Several tens of thousands of dead and wounded, over a million refugees. The civil war in Donbass has literally erased entire cities and villages from the map, staining with blood the soil of the European continent for the first time in the twenty-first century.
These are two chapters – Alina and Blind Pit – of my Donbass Stories, which came to life with the idea to portray as main characters those invisible actors affected by the civil war in that region.
Despite power cuts, a shutdown of all businesses, curfews, and nearly daily shelling, residents of the rebel-held city of Donetsk flock to the Opera and Ballet Theater on weekends in search of respite from the reality of life within a battle zone. When war broke out around a third of the theater’s performers fled, including key singers and all four of its conductors. A further setback occurred when a wayward missile destroyed the warehouse where most of the stage sets were stored.
The opera house was forced to close in July 2015 because of heavy clashes, then it recruited new staff and was again operative the following September. Despite the ongoing hostilities and challenging circumstances, audience figures at the 960-seat theater have been impressive since its reopening. In the ground floor cloakroom, camouflage military jackets hang among civilian furs and overcoats.
Alina is a professional dancer from Donetsk and a member of the Donbass Opera and Ballet Theatre chorus. She has been studying at the theatre academy since she was a girl and throughout the entire war period she has continued to dance, convinced that keeping performances alive was one of the few ways to make sure the inhabitants of her city would not think about the horrors of war, if only for a few hours.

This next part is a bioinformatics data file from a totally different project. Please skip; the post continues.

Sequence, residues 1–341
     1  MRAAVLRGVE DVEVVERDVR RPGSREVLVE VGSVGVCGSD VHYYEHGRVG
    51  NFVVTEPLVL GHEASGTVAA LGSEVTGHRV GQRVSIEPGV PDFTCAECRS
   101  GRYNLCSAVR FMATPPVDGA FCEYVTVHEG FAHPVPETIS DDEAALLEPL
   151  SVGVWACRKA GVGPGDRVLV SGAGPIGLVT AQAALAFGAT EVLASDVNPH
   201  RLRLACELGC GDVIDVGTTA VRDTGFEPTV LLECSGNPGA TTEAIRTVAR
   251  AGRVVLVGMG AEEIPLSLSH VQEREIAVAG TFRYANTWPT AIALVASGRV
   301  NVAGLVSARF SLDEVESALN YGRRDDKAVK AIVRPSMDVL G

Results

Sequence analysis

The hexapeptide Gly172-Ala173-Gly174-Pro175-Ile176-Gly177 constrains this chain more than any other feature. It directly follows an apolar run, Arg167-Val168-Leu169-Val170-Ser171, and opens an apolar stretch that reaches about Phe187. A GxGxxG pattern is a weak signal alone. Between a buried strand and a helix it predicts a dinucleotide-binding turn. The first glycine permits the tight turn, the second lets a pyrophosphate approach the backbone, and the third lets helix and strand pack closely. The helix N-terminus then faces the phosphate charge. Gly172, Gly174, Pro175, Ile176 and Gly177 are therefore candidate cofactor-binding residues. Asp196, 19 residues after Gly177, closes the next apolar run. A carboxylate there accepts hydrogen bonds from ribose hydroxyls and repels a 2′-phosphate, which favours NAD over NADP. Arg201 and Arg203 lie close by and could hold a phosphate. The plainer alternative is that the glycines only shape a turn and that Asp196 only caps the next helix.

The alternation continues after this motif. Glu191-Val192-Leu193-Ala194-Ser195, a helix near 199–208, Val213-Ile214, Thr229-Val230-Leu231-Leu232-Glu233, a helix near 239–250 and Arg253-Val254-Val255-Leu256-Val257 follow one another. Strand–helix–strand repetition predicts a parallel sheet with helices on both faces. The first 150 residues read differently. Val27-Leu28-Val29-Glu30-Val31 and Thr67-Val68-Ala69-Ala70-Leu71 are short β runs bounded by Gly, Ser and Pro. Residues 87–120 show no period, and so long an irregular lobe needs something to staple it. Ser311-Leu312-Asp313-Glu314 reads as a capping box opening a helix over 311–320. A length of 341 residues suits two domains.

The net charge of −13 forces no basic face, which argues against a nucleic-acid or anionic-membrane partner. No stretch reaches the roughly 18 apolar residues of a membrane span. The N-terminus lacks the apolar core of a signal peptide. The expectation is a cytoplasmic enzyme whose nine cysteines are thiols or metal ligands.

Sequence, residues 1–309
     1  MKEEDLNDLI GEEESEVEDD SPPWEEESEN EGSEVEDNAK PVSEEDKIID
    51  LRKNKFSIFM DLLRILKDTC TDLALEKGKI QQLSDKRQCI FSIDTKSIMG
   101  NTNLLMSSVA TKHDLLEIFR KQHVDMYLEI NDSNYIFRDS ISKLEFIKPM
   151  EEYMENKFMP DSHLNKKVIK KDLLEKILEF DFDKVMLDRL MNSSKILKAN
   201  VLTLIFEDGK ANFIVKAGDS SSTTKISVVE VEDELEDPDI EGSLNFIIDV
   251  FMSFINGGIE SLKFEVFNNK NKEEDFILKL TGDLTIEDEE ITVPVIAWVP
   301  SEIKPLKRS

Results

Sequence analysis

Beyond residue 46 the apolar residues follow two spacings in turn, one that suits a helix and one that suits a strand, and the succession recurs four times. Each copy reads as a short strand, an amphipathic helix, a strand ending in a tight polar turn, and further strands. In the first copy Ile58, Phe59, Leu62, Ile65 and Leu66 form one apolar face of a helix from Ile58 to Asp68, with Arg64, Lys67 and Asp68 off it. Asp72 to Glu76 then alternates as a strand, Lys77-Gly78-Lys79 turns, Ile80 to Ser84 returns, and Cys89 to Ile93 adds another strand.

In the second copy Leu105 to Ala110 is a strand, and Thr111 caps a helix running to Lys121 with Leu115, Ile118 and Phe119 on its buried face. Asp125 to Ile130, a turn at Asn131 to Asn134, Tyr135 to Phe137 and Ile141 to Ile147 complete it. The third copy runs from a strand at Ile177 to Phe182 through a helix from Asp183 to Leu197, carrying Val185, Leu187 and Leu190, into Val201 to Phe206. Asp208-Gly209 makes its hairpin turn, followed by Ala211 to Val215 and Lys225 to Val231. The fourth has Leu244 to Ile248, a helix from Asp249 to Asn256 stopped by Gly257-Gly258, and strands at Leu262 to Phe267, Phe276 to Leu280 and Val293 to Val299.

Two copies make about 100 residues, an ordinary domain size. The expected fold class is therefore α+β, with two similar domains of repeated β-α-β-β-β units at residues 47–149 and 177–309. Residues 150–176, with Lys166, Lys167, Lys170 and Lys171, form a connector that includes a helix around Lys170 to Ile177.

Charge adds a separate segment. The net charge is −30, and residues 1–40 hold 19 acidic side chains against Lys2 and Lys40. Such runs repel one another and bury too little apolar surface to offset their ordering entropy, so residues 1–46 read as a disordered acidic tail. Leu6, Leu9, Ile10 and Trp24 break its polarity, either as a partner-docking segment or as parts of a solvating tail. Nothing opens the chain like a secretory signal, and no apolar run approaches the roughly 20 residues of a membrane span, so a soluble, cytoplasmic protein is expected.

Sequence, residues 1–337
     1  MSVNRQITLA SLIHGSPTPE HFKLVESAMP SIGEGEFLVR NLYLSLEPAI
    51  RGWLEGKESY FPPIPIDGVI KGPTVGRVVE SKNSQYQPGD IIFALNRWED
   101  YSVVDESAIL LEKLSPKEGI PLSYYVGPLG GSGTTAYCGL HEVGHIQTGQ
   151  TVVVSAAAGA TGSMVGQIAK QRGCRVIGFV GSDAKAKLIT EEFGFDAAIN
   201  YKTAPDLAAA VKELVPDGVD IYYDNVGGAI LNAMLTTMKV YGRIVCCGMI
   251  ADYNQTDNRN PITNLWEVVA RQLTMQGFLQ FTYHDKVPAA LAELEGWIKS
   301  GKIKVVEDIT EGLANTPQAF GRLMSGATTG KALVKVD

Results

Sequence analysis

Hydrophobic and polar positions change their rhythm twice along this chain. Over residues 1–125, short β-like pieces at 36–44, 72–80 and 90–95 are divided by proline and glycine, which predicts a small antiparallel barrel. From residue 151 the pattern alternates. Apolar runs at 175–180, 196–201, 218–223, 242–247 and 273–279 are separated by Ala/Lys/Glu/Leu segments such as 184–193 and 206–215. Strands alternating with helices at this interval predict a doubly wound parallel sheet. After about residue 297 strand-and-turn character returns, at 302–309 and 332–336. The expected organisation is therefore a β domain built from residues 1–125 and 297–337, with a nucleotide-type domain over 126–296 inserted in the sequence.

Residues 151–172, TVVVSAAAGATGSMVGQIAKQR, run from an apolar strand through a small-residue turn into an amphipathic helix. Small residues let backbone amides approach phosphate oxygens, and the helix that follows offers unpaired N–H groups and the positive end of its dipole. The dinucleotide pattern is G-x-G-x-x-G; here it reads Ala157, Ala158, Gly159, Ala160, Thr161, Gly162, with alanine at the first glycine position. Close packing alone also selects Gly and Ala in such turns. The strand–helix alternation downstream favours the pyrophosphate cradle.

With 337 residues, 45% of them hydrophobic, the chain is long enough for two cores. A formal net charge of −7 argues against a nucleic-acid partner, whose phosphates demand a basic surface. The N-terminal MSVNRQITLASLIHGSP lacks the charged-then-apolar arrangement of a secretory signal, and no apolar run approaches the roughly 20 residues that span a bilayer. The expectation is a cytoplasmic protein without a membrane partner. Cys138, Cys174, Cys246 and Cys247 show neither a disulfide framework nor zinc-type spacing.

The rhythm of Alina’s life follows the timings of the theater: from Tuesday to Friday she has ballet lessons and rehearsals, on Saturday and Sunday the performances; Monday is the only day off the performers have and she goes to visit her maternal grandparents with whom she is very close, or she meets up with her ballet girlfriends to take a walk around town or go to the disco. Even if she doesn’t intend to leave her hometown at the moment, she doesn’t rule out the possibility of moving to Russia in case of an escalation of the war.
Blind Pit: The Story of Sasha
Giorgio Bianchi is an Italian photojournalist, documentarist, writer and filmmaker (Rome in 1973). In his work Giorgio has always paid particular attention to political and anthropological issues, and has undertaken a freelance career to focus on a combination of long-term personal projects and client assignments. He has covered stories in Syria, Ukraine, Burkina Faso, Vietnam, Myanmar, Nepal, India, and throughout all of Europe.
Since 2013, he has made several trips to Ukraine, where he followed closely the Ukrainian crisis from the Euromaidan protests until the outbreak of war between the government army and the pro-Russian separatists. Thanks to his robust archive of footage and pictures about the Donbass conflict he is making a documentary film entitled “Apocalypse Donbass”. In 2016 he started covering the Syrian conflict.
Giorgio has won several international prizes and has received many public recognitions, and his pictures are regularly published in newspapers and magazines, both paper and online. His work has been exhibited in many international and national festivals.